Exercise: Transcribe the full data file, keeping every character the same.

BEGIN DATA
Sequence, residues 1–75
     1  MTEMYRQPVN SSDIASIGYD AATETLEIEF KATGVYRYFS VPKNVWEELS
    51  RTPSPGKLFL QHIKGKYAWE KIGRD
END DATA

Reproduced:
Sequence, residues 1–75
     1  MTEMYRQPVN SSDIASIGYD AATETLEIEF KATGVYRYFS VPKNVWEELS
    51  RTPSPGKLFL QHIKGKYAWE KIGRD